Are you ready for a career change, but feeling fearful of embarking into a new industry, or new work style that puts you outside of your comfort zone? Kelly Anderson faced this same challenge in her job search. Kelly decided to leave a job that she had put a ton of energy and focus into, in order to find a new position that was a better fit. Along the way she discovered how to trust her inner voice, frame her biggest accomplishments, and follow her instincts. Read Kelly’s story to hear what led her to a leadership position with a local medical practice.
What do you do for a career? Who do you work for?
I am the Director of Human Resources for Rebound Orthopedics and Neurosurgery, a medical practice of 35 physicians and 375 employees.
How long did it take you to find this job?
From the time I dipped my toe in the water and started to look, it took about four months.
My hiring process with Rebound lasted three months and involved seven different conversations. I consulted during this time and embraced the slow and steady pace. I had been in my previous position for 15+ years and was focused on finding the right fit over the quick fit; I appreciated that they were in a position to take their time too.
How did you find your job? What resources did you use? What tool or tactic helped the most?
Jenny Foss of Job Jenny was a fabulous resource. I had been approached by recruiters over the years, but I hadn’t proactively applied for a job in a long time and my resume reflected it. Her expert eye modernized my resume and helped frame my accomplishments in a way that I may have downplayed. Though I am often the go-to person for writing resumes for others, I found it was more difficult to craft my own.
I listened to Mac’s Find Your Dream Job podcast and found the stories people shared to be helpful and relatable. The range of ages, fields, and backgrounds of guests means that there will absolutely be a story that resonates with you and there will be something you can takeaway.
I also felt lucky have to have a supportive spouse and great friends who I bounced things off of during my search and this can’t be understated as a resource. My husband Scott was my biggest cheerleader and encouraged me to leap into the unknown. He has always prioritized my career along with his and works hard to ensure our family roles and the emotional labor within it are equitably shared. This helped in my search more than anything else.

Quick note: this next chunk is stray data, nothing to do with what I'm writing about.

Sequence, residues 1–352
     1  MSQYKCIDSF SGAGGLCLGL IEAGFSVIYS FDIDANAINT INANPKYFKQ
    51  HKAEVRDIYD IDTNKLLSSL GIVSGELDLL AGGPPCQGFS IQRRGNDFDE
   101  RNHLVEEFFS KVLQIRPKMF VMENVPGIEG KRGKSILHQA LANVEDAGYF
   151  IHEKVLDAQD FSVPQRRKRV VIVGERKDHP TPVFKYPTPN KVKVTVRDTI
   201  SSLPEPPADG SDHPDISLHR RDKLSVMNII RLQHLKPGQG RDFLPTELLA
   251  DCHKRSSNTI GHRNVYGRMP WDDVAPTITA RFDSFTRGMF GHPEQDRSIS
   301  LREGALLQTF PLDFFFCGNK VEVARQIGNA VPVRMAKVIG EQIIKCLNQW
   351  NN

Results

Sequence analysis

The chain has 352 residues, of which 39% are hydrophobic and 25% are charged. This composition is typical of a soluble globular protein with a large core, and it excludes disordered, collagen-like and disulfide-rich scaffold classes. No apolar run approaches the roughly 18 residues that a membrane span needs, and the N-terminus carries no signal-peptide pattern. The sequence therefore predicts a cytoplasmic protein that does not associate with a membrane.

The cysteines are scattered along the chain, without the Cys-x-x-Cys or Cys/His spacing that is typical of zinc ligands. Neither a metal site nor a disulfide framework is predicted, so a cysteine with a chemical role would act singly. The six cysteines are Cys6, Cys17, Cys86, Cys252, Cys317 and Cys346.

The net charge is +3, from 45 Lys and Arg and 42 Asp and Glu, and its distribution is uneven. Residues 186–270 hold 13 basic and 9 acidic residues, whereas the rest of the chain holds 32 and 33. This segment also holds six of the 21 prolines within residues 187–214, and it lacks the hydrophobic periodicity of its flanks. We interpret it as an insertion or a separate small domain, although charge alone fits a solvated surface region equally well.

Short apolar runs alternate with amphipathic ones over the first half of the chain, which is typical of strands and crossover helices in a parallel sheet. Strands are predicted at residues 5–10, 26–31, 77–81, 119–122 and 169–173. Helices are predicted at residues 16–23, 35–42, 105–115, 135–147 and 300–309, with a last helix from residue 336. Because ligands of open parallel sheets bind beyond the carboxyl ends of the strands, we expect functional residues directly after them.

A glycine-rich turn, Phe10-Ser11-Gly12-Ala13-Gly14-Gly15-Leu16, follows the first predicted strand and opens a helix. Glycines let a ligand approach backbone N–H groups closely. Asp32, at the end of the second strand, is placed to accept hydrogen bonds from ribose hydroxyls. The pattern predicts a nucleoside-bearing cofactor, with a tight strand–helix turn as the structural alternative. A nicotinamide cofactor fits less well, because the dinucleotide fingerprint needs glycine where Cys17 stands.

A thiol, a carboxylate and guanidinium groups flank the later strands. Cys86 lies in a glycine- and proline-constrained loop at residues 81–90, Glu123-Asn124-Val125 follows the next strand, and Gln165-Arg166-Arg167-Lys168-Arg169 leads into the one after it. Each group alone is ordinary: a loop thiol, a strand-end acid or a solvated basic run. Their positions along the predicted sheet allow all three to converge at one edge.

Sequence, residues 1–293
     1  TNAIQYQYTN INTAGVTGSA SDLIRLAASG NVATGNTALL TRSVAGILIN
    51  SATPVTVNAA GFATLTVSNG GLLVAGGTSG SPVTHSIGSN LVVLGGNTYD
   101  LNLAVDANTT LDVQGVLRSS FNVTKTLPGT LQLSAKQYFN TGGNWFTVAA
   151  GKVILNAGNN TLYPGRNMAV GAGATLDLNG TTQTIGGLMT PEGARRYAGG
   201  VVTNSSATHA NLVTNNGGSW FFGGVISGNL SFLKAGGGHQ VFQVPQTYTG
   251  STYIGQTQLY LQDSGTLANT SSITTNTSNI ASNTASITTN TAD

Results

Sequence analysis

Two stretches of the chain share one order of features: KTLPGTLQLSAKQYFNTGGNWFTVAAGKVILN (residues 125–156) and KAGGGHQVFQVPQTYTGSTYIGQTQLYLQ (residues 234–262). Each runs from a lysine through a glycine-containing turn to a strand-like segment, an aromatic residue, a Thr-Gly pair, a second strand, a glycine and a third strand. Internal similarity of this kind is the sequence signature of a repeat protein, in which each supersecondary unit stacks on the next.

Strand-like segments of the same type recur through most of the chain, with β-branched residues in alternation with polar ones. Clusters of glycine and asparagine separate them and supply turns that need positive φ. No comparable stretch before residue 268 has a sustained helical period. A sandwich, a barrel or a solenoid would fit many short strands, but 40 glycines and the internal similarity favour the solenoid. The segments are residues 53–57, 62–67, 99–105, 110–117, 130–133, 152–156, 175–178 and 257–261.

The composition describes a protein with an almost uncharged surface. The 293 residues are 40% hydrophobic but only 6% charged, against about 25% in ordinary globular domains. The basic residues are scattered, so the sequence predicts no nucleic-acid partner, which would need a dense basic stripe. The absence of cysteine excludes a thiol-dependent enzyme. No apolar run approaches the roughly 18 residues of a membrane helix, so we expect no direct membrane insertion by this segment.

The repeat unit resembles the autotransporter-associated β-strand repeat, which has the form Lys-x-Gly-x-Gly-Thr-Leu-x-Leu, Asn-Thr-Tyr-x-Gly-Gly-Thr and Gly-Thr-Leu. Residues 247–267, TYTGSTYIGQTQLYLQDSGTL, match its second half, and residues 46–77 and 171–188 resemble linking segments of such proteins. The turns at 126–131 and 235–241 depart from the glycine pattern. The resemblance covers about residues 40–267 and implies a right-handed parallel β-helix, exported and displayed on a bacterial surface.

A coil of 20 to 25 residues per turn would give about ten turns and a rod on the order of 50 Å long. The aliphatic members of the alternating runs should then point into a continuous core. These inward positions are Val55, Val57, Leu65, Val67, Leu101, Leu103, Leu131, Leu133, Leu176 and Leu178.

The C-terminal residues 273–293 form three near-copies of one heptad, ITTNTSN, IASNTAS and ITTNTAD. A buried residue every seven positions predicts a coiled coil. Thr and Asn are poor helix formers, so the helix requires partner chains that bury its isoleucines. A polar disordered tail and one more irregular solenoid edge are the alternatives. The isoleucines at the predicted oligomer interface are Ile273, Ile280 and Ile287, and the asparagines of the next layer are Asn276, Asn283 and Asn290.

What was the most difficult part of your job search? How did you overcome this challenge?
I had been in my previous job a long time and held leadership responsibility in three distinct areas: human resources, communications, and fundraising. I had to take some time to figure out which leadership area I wanted to pursue and how to focus my resume on the role I wanted next instead of the many areas of responsibility I have held.
The hardest part for me began before my search–it was deciding to leave a job that I had put my heart and soul into and choosing to leave it and take some time off before I knew what was next. I had to step out of my comfort zone and leap, but it was the right call. Our daughter was headed off to college across the country and I knew I’d never regret having time with her before she left. I was also experiencing burnout as I was juggling three roles and wanted to recharge before picking my next opportunity so that I could give my very best.
What is the single best piece of advice you would offer other job-seekers?
I believe in doing your research and then trusting your instincts. I chose not to accept some positions and waited until I found the right fit. Trust that inner voice, it is your wisdom talking.
Why do you love your job?
There is a strong positive culture at Rebound and I get to build on it to create a great workplace for every employee. I have the opportunity to work on diversity, equity, and inclusion and to enhance how we manage change. I have the good fortune to work with a smart and collaborative leadership team and to lead a team of human resource pros and that I value and respect.